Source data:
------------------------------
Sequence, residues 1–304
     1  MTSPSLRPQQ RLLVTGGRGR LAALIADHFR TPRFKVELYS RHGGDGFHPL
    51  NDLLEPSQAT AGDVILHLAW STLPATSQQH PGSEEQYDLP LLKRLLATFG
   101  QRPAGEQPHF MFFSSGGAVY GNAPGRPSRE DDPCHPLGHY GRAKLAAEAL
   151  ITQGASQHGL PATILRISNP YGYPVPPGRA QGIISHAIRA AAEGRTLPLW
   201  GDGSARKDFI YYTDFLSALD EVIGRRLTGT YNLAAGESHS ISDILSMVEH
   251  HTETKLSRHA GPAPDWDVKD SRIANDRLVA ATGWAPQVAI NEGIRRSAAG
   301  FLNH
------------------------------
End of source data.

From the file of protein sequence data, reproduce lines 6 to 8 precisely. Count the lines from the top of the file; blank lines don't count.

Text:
   201  GDGSARKDFI YYTDFLSALD EVIGRRLTGT YNLAAGESHS ISDILSMVEH
   251  HTETKLSRHA GPAPDWDVKD SRIANDRLVA ATGWAPQVAI NEGIRRSAAG
   301  FLNH